It is also worth pointing out that in the case of Ontario, to name one province, collection agencies must be registered with the Government of Ontario and must follow the rules set out in the Collection and Debt Settlement Services Act. As a result, we would suggest assisting the client with the restoration application and referring him to a different professional, like a lawyer or a paralegal, to seek reimbursement for the negligent services.
Acting for a client in a matter that falls beyond the scope of regular immigration services also brings into question another ethical issue: competence. Article 5.1 of the Code provides that an RCIC shall at all time be competent to perform the services the consultant undertakes to provide and "shall not undertake any task or service that the [RCIC] is not fully competent by knowledge and experience to handle".
This means that aside from the scope of practice issue, an RCIC may not be competent to deal with a collection issue because this is beyond her/his training and what they do on a day-to-day basis. Should your client's previous consultant complain against you to the ICCRC because you became involved in a collection issue, you are going to have to justify to the Council how you became and remain competent to act in a collection mater. This may prove to be very challenging or may well involve admitting to having a history of providing paid collection services that you may not be authorized to do.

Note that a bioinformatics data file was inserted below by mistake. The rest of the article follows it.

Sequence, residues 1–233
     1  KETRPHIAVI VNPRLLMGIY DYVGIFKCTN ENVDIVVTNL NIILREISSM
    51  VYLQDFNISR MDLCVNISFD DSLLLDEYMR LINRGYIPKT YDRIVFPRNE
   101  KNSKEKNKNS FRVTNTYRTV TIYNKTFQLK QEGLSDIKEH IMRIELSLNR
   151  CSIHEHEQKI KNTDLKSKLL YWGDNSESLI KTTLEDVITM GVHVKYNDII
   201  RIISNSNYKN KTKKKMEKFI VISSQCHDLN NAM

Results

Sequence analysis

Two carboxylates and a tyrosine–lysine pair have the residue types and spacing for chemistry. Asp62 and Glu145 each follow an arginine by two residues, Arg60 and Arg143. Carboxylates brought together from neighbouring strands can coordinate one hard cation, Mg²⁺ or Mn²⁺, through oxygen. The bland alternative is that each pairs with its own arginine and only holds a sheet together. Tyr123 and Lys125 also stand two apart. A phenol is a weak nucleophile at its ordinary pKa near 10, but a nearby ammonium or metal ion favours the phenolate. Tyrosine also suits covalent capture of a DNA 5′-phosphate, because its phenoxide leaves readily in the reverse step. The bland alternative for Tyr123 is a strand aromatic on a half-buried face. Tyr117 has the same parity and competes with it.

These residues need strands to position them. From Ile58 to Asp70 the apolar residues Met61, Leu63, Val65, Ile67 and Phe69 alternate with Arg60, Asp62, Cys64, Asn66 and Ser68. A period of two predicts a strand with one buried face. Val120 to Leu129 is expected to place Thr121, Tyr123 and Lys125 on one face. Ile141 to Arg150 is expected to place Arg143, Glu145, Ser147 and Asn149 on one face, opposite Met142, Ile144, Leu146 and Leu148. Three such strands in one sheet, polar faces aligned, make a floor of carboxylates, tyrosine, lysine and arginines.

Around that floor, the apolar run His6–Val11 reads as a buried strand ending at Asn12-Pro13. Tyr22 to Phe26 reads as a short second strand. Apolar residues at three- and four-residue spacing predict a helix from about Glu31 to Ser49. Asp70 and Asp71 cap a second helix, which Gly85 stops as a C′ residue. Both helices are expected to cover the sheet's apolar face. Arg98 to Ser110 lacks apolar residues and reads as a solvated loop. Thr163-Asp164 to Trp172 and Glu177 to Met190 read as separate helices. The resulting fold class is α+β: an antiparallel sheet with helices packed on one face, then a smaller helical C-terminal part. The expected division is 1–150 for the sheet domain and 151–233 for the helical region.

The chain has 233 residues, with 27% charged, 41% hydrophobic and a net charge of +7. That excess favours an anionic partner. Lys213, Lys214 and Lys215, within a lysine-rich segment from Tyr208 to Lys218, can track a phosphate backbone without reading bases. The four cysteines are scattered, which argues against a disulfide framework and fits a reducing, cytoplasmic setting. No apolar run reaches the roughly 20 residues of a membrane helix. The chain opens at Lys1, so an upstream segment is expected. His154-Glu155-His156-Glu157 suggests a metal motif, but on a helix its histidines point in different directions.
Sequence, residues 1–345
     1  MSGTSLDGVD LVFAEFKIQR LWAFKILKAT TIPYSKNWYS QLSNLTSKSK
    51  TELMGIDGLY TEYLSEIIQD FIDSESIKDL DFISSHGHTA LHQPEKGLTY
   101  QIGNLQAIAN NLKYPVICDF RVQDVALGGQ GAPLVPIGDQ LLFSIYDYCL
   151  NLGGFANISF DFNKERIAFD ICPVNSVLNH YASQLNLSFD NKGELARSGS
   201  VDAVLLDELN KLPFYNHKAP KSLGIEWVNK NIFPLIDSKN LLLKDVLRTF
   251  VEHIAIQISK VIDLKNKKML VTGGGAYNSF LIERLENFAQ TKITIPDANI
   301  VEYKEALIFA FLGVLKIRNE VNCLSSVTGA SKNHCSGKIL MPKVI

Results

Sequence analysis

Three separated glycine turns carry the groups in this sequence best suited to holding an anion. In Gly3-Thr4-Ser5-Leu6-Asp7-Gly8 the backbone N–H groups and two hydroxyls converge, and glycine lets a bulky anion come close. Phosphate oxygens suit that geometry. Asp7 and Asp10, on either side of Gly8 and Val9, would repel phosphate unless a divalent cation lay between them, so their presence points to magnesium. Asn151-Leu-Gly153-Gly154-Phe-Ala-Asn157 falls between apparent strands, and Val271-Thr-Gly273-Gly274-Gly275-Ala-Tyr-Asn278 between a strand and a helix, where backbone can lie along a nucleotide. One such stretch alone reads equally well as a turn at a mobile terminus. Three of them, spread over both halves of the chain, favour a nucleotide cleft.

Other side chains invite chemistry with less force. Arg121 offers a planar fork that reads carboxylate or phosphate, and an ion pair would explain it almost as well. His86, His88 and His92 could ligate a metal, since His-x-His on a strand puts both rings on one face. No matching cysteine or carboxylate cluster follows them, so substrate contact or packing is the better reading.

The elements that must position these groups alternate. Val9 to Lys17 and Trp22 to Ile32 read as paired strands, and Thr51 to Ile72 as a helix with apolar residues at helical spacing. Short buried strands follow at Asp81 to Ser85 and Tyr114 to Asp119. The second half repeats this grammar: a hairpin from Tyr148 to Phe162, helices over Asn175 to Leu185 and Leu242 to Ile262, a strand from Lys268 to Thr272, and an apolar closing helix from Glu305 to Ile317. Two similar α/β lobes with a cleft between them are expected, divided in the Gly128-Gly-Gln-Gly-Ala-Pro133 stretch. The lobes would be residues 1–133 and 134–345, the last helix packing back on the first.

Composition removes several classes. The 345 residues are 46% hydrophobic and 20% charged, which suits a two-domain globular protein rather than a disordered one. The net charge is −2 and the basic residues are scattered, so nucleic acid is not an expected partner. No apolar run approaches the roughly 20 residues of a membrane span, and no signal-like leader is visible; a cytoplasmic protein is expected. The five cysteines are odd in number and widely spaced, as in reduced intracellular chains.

We will also like to draw attention to article 4.3.1 of the Code, whichsets out the duty of civility. The article provides that consultants are obliged to be courteous and civil in all professional dealings with a number of parties, including other RCICs. This is not to say that assisting a client communicate with their former consultant would necessarily breach this duty. However, in acting for a client in a collection matter, whereby you are taking an adversarial position towards the other consultant, you are exposing yourself to being accused of breaching this article of the Code.
Finally, it is worth mentioning that the Code and ethical principles discussed above do not preclude you from being allowed to report a breach of the Code if you feel that your client's previous consultant acted incompetently or took advantage of your client. In fact, article 4.1.1 of the Code provides that RCICs have the obligation to report to the Council any conduct by an RCIC or their agents that is inconsistent with the Code. This is obviously subject to not breaching any client confidentiality and obtaining their consent, where necessary.
The Code also advises that in complaining about an RCIC you should first request (wherever possible) an explanation from the other consultant to determine whether there is an obligation to report the conduct or not. Sometimes this makes sense and it is practical, but in cases where a client has been clearly dealing with a fraudster nothing may be gained by contacting them before.
In short, you can certainly encourage a client to bring a complaint to the ICCRC or even bring one yourself if authorized by the client to do so. You can even assist a client in finding the information about how to bring a complaint and provide them with tips as to the complaint process. However, based on what we have discussed in this column, we discourage you from being retained and paid by the client to prepare the complaint on their behalf, as this arguably falls outside the scope of your immigration practice.
Andrew Carvajal is a Toronto lawyer and partner at Desloges Law Group specializing in immigration law, administrative law and Small Claims Court litigation.